While prior power factor controllers have been useful for their intended purposes, the present invention relates to improvements thereover.
The present invention provides power factor control by sensing the voltage/current phase lag in accordance with a set of consecutively sequenced time periods or windows which determine the firing angle of a gated semiconductor switch in circuit with an AC induction motor. Upon zero crossing of the line voltage, the sequence of windows is initiated, during one of which occurs zero crossing of the current.
In preferred form, the sequence of windows comprises fist, second and third fixed delay windows followed by a fourth window. A power switch semiconductor switch is used, and turn-off thereof corresponds to zero crossing of the current. The status of the power switch tested at the end of each fixed window to determine if there has been a zero crossing of the current.
Upon crossing of a predetermined level by the line voltage, the first window is initiated and lasts a predetermined time. At the end of this first window, the status of the power switch is tested. If the power switch has already turned off (zero crossing of the current has occurred), a sudden load on the motor is indicated. The firing angle delay of the gate signal to the power switch is then reduced to zero. This provides instantaneous full power in a sudden load situation.
If the current has not crossed zero during the first window (the power switch has not yet turned off when tested at the end of the first window), then the second window is initiated and lasts a predetermined time. After this second window has elapsed, the status of the power switch is tested. If the power switch has turned off, then the current has crossed zero in the second window. This indicates that the power factor is slightly above a desired level, and that more power is needed at the motor. The firing angle delay of the gate signal to the power switch is then slightly decreased so that the power switch will be fired slightly earlier in the next cycle to thus give more power to the motor.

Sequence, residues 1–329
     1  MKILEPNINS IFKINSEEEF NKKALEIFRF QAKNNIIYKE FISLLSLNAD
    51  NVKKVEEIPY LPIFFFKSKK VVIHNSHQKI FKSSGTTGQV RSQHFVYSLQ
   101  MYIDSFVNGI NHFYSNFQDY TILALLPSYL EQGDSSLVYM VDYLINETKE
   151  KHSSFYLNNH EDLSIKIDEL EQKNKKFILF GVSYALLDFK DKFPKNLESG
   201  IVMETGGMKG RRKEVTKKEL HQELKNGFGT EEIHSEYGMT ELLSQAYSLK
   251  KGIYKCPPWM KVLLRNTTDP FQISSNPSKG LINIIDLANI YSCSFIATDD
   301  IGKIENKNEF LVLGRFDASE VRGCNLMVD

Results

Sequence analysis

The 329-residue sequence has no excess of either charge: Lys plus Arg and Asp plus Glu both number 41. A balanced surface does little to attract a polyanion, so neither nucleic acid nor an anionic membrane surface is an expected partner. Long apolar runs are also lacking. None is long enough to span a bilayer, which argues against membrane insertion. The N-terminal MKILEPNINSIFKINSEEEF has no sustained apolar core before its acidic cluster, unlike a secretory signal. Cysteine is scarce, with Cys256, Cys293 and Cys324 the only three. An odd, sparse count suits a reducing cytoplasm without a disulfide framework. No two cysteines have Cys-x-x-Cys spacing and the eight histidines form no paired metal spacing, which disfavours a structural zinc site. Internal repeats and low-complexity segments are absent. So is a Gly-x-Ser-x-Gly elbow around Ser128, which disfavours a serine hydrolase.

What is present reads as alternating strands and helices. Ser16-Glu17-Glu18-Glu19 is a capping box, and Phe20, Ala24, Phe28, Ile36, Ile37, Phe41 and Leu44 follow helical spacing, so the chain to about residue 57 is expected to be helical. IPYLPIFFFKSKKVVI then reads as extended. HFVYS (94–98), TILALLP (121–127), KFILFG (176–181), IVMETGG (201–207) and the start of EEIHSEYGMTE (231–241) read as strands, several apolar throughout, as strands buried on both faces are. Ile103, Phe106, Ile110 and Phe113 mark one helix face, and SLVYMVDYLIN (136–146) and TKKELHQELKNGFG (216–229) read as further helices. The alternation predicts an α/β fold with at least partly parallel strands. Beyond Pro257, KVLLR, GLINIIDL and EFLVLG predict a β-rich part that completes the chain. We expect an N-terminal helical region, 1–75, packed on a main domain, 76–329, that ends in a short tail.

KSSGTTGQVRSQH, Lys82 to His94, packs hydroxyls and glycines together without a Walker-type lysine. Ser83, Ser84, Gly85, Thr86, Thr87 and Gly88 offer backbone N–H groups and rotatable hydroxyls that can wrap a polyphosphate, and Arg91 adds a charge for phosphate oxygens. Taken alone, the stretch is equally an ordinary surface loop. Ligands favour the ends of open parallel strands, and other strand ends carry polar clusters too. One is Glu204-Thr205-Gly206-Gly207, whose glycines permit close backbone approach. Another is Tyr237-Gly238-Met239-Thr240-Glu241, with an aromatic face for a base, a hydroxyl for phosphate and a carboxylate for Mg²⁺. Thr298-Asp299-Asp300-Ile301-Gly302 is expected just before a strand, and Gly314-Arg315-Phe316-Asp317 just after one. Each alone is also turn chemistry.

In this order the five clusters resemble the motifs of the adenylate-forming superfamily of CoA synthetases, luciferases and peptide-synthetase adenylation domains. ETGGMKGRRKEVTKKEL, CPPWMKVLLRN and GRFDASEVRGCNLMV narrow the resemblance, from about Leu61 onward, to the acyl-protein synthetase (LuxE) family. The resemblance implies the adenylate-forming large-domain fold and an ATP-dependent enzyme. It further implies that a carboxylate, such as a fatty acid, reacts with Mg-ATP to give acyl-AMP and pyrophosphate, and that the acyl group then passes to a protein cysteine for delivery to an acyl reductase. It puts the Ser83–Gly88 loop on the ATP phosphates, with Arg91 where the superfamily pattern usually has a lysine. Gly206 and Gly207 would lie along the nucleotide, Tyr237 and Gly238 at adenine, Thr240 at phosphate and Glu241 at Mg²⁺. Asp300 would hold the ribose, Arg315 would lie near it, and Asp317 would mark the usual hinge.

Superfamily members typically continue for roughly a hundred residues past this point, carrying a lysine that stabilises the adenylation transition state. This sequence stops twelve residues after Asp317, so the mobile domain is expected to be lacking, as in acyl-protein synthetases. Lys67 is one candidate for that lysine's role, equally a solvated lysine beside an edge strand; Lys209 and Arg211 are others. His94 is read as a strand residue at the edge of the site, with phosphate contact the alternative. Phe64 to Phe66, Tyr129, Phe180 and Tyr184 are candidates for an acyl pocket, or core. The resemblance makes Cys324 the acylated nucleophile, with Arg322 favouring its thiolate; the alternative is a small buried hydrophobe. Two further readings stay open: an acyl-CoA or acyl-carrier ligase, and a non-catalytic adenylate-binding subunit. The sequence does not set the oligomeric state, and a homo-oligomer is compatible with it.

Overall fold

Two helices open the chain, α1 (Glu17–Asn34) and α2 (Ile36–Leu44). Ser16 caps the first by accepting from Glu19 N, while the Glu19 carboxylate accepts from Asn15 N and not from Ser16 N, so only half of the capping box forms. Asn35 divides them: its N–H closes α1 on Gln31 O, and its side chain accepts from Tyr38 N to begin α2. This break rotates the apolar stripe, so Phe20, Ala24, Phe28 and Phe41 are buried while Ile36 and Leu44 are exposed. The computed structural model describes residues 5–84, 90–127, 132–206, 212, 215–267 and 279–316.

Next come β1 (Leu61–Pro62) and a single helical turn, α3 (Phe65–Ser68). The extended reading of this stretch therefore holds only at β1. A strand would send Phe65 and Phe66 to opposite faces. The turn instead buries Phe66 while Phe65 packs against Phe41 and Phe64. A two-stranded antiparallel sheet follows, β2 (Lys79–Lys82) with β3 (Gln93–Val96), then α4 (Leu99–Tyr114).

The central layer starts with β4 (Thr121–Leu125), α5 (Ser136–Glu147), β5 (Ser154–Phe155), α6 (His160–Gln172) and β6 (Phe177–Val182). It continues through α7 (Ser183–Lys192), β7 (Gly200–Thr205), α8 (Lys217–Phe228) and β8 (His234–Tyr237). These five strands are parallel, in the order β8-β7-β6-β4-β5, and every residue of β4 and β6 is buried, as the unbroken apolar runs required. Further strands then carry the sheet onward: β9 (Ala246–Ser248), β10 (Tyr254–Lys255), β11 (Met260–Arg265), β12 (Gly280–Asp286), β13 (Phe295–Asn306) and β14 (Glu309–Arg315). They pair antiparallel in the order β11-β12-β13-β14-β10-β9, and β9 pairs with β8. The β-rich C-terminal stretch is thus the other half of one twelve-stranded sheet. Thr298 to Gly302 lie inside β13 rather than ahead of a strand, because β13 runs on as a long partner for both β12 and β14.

If the current has not crossed zero during the first and second windows, then a short third delay window is initiated and lasts a predetermined time. After this third window has elapsed, the status of the power switch is tested. If the power switch has turned off, then the current has crossed zero during the third window. This indicates that there is a desired amount of phase lag between current and voltage, and that the power factor is at an optimum level. The firing angle delay of the gate signal to the power switch is then left unchanged so that the triac will again be fired at the same point in the next cycle to thus maintain the optimum power factor for the motor.